Unemployment rate soars to 14.7 percent, highest level since the Great Depression
President Donald Trump has pushed for a swift turnaround after weeks of lockdowns, saying he believes the economy will “transition into greatness” in the third quarter.
However, as the country slowly reopens, the economy is not expected to simply bounce back. Many customers remain hesitant about returning to restaurants and bars, watching movies, or attending sporting events.
And despite trillions of dollars in emergency relief from the government, multiple rounds of crisis intervention from the Federal Reserve, and fiscal stimulus such as the Paycheck Protection Program, economists warn that many businesses will not survive. Those who have taken PPP loans are funded for only eight weeks, after which time they may need to make further cutbacks — and employees who were furloughed may become permanent layoffs.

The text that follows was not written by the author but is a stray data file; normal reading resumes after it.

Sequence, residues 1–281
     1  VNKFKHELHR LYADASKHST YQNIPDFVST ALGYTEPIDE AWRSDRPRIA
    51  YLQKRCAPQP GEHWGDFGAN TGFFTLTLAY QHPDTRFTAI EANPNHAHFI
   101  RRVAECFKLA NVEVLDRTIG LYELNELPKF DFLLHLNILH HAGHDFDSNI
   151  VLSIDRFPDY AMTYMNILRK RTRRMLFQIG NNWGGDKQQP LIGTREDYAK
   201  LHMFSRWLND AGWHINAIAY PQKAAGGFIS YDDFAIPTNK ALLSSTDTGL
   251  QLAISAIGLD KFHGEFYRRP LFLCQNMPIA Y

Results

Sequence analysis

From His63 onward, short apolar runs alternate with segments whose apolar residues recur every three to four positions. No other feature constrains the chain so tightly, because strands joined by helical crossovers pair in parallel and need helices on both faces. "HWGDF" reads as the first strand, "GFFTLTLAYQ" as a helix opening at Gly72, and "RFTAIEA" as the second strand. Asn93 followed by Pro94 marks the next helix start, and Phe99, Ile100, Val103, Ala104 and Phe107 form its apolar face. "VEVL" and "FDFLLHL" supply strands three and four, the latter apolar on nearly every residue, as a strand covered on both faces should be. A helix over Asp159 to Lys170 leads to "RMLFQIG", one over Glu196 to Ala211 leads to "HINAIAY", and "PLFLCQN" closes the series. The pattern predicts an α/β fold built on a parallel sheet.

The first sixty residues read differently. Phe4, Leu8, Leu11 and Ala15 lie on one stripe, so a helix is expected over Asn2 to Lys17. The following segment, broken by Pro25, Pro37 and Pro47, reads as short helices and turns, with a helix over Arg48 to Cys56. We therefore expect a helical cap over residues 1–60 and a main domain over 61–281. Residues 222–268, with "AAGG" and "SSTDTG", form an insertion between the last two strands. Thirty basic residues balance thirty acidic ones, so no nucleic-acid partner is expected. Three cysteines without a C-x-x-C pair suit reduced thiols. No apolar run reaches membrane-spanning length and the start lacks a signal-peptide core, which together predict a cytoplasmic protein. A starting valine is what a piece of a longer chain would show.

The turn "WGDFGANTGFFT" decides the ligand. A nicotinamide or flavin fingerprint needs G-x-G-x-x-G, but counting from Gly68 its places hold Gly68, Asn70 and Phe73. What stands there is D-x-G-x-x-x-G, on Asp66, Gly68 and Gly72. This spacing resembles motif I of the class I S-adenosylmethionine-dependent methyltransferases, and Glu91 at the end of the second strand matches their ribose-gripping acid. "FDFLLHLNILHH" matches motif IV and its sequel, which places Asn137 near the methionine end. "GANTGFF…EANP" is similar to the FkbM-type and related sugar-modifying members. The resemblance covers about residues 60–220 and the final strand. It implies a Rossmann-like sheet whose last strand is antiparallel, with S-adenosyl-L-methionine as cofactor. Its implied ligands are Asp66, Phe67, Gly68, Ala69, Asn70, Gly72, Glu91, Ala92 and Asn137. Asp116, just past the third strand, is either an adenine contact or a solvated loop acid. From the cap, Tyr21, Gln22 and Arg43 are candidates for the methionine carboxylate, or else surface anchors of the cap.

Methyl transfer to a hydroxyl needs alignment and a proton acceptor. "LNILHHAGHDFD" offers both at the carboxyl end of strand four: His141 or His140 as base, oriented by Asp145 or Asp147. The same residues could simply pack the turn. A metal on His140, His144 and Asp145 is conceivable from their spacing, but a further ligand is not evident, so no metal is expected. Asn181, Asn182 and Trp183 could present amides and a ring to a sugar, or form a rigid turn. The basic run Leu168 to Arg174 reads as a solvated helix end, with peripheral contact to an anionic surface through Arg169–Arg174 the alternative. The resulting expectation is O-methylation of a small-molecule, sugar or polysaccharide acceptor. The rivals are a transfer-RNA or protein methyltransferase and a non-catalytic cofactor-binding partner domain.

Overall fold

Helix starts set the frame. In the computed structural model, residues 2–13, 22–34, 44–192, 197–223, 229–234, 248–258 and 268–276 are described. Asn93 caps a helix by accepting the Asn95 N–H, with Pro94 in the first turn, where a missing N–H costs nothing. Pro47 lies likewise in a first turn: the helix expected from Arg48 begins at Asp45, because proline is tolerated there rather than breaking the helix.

Major retailers such as Neiman Marcus and J.Crew have already filed for bankruptcy, with many more skipping rent payments in order to preserve their business.
Yet some economists say the historic April jobs report does not even capture the full picture.
In an interview with Savannah Guthrie on NBC’s “TODAY” show Thursday morning, President of the Federal Reserve Bank of Minneapolis, Neel Kashkari, said Friday’s official unemployment rate is likely to “understate how bad the damage has been. I think the real number is probably around 23 or 24 percent. It’s devastating.”
The monthly jobs report surveys the number of people who are actively seeking work, but with millions of workers expecting to return to their job once the shutdowns end, they are not currently seeking other employment, and would not be captured in the count. The Bureau of Labor Statistics, which compiles the data for the report, noted that if these workers were included, the unemployment rate would have been almost 5 percent higher, or close to 20 percent.